3. Treatment of Certain Countries: Given the national security issues addressed in the CFIUS process not all countries are treated equally. FIRRMA would expressly acknowledge this de factodiscrimination in two respects. First, it adopts the concept of “countries of special concern,” and although diplomatically excusing CFIUS from maintaining a list of such countries, this concept is well understood to include China. One way this concept is employed is by broadening the list of “critical technologies” that must be evaluated to include those emerging technologies that would increase the U.S.’s technological advantage over “countries of special concern.” FIRRMA would also encourage the President initiate multilateral efforts to address the aggressive industrial policies of such countries. A commonly expressed concern, acknowledged in Senator Cornyn’s press release, is the perception that China is degrading the United States’ military edge by acquiring and investing in U.S. companies.On the other side of the equation, FIRRMA authorizes CFIUS to exempt from the definition of “covered transaction” certain transactions from countries to be identified. How CFIUS would effectively implement this authority remains to be seen but this provision provides hope that at least some transactions from some close allies (FIRRMA suggests allies with effective safeguarding and foreign investment review procedures be considered) might be relieved from the increasingly onerous CFIUS review process.
  4. Judicial Review: The existing statute provides that the actions and findings of the President shall not be subject to judicial review. Nonetheless, in 2014, in the Ralls Corporation case, the United States Court of Appeals for the District of Columbia read that language to apply only to the final actions the President takes to suspend or prohibit a covered transaction, and held that the statutory language did not bar a company from bringing a judicial challenge under its constitutionally protected due process rights. Based on Ralls’ state law property interest in the acquired companies and their assets, the court found that it was entitled to notice of and access to unclassified evidence on which the President relied, and an opportunity to rebut that evidence (prior to the President reaching a non-justiciable and non-judicially reviewable determination). In reaction to the Ralls case, FIRRMA would codify a judicial review process, restating that actions and findings of the President or the President’s designee are not subject to judicial review, but expressly allowing for judicial review of Committee actions and findings under limited circumstances; i.e., where the parties submitted a joint voluntary notice or a declaration initiating the review, or where the Committee determines that such a notice or declaration was not required.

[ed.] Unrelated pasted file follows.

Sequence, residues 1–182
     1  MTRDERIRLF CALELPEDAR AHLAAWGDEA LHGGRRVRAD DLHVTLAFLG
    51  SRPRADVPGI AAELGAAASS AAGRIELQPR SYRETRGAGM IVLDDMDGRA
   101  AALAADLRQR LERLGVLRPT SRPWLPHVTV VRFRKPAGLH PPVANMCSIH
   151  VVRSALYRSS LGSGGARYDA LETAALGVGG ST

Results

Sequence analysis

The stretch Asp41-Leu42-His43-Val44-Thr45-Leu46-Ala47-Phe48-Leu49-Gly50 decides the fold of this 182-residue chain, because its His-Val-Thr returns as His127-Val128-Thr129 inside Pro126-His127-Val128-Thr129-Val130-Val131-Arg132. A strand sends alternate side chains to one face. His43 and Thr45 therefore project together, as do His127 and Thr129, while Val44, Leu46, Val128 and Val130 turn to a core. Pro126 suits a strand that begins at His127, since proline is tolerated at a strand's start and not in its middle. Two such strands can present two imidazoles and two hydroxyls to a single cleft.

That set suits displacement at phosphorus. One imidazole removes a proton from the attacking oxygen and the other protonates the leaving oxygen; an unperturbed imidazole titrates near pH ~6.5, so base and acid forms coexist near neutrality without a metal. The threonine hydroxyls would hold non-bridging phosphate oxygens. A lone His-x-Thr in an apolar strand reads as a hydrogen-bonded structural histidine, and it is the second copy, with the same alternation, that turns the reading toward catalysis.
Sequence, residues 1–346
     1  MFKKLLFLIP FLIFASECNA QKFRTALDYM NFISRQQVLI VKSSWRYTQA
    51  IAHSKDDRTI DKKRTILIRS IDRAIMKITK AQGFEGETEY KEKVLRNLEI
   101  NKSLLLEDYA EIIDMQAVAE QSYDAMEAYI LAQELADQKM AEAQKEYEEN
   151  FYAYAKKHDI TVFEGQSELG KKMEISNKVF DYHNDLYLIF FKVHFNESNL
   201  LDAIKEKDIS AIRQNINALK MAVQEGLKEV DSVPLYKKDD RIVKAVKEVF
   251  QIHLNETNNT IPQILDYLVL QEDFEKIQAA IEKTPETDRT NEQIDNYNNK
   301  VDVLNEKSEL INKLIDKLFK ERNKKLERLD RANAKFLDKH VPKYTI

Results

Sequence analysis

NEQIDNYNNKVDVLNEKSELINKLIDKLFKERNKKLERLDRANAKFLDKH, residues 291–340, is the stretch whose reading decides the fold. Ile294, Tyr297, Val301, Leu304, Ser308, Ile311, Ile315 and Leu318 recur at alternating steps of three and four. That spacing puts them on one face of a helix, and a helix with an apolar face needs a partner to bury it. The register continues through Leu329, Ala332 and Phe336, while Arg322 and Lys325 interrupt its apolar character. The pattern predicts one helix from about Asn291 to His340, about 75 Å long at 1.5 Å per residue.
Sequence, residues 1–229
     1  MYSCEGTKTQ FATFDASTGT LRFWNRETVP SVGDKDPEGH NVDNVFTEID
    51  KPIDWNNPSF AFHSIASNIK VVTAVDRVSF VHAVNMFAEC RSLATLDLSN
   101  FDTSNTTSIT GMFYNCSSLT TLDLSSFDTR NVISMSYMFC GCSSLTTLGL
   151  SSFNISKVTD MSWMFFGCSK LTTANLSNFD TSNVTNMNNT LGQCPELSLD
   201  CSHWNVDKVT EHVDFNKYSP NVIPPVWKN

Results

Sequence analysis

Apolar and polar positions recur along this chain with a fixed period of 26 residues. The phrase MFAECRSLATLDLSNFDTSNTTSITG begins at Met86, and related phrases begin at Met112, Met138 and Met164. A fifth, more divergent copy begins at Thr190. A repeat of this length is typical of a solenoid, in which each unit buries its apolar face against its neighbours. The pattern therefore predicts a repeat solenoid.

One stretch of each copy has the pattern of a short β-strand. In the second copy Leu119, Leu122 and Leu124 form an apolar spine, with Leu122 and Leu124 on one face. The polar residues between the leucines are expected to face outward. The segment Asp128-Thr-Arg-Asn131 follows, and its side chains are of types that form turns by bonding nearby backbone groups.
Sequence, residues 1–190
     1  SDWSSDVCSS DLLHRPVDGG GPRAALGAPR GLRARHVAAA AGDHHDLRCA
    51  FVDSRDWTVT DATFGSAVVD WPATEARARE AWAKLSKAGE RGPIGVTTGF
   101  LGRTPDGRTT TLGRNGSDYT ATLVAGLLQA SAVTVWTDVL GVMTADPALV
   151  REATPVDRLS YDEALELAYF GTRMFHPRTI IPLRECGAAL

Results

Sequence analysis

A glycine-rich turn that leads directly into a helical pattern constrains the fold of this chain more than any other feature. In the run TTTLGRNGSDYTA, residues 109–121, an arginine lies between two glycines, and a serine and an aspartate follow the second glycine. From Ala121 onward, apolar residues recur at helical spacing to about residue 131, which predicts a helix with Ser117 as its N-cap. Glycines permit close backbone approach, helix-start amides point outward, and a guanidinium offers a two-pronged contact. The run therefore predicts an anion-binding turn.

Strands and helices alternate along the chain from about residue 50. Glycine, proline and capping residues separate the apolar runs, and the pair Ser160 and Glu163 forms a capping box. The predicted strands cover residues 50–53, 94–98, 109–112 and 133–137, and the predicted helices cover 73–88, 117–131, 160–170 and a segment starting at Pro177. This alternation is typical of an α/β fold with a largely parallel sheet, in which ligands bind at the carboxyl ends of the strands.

FIRRMA has received bipartisan support in Congress and has support of at least some Administration officials. But there are other bills and concepts out there and a Congressionally-mandated Government Accountability Office report in the works. Many of the other proposals seek to expand CFIUS review (or add a parallel review process) focused on economic security. How these competing interests will play out remains to be seen as we begin the New Year.

Alan Gourley and Addie Cliffe, both partners in Crowell & Moring’s International Trade and Government Contracts groups, sit down to provide a high-level overview of CFIUS and what it means for trade. Alan counsels clients with respect to a broad range of international and government contract issues. He has extensive experience with all aspects of international contracts, both government and commercial. Addie advises clients across a spectrum of government contracts and international trade compliance issues, with specialties including U.S. export controls, the Buy American Act, the Trade Agreements Act, and other U.S. laws and regulations applicable to international transactions.

Covered in this 13 minute podcast

  • Overview of CFIUS.
  • Current trends surrounding CFIUS.
  • Practical tips for businesses regarding M&A activity and foreign investment.
  • What can be gleaned from the annual CFIUS report to Congress.

Click below to listen via the embedded player or access from one of these links: